The Financial Times claims the Renters’ Reform Bill will have its Second Reading in Parliament on Monday, 23 October 2023. This long-awaited legislation introduces the biggest changes to the private rented sector (PRS) in over 30 years.
Various journalists have reported that various backbench Tory MPs were effectively blocking the Bill. However, the FT reports: “Michael Gove, levelling-up secretary, is understood to have won the internal battle over the legislation and it will now have its crucial second reading in the House of Commons on Monday.”
“There will then be a ‘carry-over motion’ which will allow the bill to make it through into the next parliamentary session that begins with the King’s Speech on November 7. “
The Bill, initially announced in 2019 and introduced in May 2023, will introduce the following changes:
- Periodic tenancies to become standard.
- Abolishing Section 21 repossessions.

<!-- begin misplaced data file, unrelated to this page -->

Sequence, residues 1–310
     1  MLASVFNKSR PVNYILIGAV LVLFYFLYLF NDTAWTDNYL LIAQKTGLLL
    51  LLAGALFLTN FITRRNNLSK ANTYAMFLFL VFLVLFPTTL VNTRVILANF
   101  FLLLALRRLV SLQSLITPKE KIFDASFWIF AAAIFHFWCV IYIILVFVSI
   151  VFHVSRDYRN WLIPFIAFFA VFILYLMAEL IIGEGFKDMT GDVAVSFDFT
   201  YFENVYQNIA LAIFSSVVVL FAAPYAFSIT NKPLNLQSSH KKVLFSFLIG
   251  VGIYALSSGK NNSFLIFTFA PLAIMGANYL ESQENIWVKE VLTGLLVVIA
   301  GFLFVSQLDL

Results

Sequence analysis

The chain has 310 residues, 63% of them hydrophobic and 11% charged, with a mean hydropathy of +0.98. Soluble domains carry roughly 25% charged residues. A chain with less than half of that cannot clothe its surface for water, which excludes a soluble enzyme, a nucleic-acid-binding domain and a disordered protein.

- Reforming Section 8 grounds for repossession.
- Requiring landlords to meet the Decent Homes Standard.
- Establishing a new ombudsman covering private landlords.
- Tenants to have the legal right to request a pet in their home.
- Introduction of a Property Portal listing landlords’ obligations.
To placate PRS landlords Gove pledges that the changes to Section 21 will not be introduced until various reforms to the justice system are in place, including prioritising cases such as anti-social behaviour. Gove also said the government would protect the right of landlords to increase rents in line with market levels.
The Leeds Property Association has campaigned that the loss of fixed term tenancies and abolition of section 21 will cause problems for student tenancies which use fixed term lets based on the academic year. The LPA says the removal of fixed term tenancies will force student landlords to agree open-ended tenancies, where the landlord has no certainty of when a tenant may leave. The government has made various statements that the student sector is being looked at.
The NRLA has also stated “Adding to this uncertainty is the impeding repeal of Section 21, which currently empowers landlords to serve notice to vacate to tenants. Without this mechanism, students and student landlords face an unsettling reality: the inability to ensure property availability for incoming student tenants each academic year. These proposed reforms threaten to destabilise the well-established model of student housing.”